The article “Three is none? Third-party funding in investment disputes: The UNCITRAL working document” by Ilya Lifshits and Anastasia Shatalova has been published

“Three is none? Third-party funding in investment disputes: The UNCITRAL working document”

International Justice Journal (Issue 2, 2022) has published an article by Senior partner Ilya Lifshits and lawyer Anastasia Shatalova “Three is none? Third-party funding in investment disputes: The UNCITRAL working document”.

Since 2017 the UNCITRAL Working Group III has been working on reforming the investor-state dispute settlement system. One of the initiatives in this project is the development of draft provisions on third-party funding. Such funding constitutes a challenge to the investment dispute resolution system since third parties get an opportunity to use the system to earn a substantial profit and such funding may increase the number of frivolous claims against states. Rules of many arbitral institutions have been amended to require disclosure of a third-party funder or the provisions of a funding agreement. However, disclosure alone may not be sufficient to remedy the adverse effects of funding a case by a third-party who does not participate in the proceedings. The UNCITRAL Secretariat’s Draft provisions offer both an outright prohibition of this funding and various models for limiting it. The authors on the base of doctrinal sources and general scientific and specialized research methods critically assess the models proposed by the Secretariat and suggest their own vision of the regulation of third-party funding in investment disputes. The authors argue that third-party finding should be allowed only in two situations: non-profit funding and funding of small and medium-sized enterprises. This approach would arguably help to avoid vague wording as well as varying interpretations by arbitrators of the provisions of the current UNCITRAL Secretariat’s draft provisions on the allowed types of third-party funding of financing. At the same time this approach would not violate the right to access to justice of certain categories of investors. The authors believe that the provisions developed by states’ delegations under the auspices of UNCITRAL could become a universal model for arbitral institutions engaged in ISDS and for inclusion in the text of international investment treaties.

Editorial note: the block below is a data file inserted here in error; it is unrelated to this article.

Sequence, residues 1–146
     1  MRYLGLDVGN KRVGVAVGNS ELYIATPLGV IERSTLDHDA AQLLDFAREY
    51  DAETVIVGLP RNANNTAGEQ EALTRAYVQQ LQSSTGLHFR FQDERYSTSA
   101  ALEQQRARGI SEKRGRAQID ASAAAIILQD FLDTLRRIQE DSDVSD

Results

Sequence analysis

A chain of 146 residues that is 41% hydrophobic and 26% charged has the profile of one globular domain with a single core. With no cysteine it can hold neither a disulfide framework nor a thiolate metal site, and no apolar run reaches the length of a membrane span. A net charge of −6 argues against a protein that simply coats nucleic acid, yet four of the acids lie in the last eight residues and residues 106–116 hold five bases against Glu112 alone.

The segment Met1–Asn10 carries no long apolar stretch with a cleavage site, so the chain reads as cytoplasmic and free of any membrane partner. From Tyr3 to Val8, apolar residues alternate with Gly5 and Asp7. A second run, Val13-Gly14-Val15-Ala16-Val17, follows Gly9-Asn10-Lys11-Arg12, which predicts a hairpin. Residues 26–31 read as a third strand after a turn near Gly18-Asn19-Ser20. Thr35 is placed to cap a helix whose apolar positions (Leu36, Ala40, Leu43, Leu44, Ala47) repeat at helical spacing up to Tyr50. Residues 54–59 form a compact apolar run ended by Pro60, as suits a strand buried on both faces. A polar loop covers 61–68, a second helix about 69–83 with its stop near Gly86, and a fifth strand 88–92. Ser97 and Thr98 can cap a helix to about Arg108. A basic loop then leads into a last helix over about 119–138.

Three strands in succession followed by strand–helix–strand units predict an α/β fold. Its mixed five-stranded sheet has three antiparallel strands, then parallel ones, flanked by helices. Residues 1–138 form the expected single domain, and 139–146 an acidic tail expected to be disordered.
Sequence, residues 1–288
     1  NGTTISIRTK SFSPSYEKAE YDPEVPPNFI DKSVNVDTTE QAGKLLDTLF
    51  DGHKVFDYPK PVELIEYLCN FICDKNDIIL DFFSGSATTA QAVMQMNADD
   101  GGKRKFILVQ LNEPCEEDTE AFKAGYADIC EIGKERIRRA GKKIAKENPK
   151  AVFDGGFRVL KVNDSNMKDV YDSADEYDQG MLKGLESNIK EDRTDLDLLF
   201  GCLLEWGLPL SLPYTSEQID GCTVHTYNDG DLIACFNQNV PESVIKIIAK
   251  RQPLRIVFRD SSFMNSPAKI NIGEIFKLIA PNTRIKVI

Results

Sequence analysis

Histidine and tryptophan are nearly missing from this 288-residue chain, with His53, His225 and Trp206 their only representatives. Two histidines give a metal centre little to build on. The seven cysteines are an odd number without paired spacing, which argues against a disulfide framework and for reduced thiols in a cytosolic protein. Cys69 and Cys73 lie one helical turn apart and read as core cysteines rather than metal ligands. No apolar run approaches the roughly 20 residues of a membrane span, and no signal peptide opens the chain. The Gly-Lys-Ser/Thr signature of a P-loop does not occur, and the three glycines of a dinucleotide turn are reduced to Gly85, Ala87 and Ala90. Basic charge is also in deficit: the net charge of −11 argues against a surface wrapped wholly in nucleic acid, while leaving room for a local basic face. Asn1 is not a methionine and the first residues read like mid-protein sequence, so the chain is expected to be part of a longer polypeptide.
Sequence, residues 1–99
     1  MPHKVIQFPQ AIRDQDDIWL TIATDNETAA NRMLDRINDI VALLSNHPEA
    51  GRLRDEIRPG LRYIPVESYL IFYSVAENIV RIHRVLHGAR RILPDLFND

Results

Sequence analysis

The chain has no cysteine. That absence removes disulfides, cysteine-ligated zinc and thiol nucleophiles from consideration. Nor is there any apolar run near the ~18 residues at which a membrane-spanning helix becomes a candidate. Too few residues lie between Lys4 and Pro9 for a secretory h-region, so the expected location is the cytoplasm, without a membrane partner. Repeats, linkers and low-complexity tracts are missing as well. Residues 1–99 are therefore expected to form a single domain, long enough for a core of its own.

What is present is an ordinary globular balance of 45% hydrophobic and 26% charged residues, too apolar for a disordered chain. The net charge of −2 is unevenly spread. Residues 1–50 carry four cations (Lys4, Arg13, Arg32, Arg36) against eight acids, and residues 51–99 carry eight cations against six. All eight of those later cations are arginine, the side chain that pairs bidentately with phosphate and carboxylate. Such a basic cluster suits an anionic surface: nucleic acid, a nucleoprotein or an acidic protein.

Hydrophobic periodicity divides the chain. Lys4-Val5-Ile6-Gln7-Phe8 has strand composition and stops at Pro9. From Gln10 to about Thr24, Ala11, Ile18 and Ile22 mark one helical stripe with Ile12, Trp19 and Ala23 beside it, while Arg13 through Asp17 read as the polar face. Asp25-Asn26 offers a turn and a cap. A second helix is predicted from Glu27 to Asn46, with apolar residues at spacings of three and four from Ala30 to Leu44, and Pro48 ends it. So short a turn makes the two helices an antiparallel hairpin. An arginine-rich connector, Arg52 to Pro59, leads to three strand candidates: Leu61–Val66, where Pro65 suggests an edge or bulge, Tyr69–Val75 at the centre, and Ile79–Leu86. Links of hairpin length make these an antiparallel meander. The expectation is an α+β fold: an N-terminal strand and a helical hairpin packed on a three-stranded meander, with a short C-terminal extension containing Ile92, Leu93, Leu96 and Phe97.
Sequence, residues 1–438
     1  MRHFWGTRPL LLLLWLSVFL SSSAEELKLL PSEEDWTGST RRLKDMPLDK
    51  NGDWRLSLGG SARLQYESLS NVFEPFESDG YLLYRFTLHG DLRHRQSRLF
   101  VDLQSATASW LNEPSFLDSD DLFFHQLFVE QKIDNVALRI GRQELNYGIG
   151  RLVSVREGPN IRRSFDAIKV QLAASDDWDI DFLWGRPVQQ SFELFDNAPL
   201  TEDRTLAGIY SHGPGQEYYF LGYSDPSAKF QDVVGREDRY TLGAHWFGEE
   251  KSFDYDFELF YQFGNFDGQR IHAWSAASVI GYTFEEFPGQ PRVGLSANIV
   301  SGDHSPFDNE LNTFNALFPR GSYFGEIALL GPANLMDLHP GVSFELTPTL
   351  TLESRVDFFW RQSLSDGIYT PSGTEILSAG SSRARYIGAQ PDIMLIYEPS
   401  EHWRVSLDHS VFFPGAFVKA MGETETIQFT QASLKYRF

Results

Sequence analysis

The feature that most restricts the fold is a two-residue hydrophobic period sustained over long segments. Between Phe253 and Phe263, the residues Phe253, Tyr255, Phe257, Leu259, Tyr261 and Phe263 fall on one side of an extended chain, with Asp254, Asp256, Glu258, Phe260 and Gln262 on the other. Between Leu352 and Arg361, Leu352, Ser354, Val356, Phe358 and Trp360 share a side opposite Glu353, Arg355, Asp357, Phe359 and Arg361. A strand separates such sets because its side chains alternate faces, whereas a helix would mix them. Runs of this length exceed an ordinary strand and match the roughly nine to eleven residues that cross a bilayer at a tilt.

You can find out more about publication, the contents of the current issue (No. 2 2022) and its purchase options on website of the journal.

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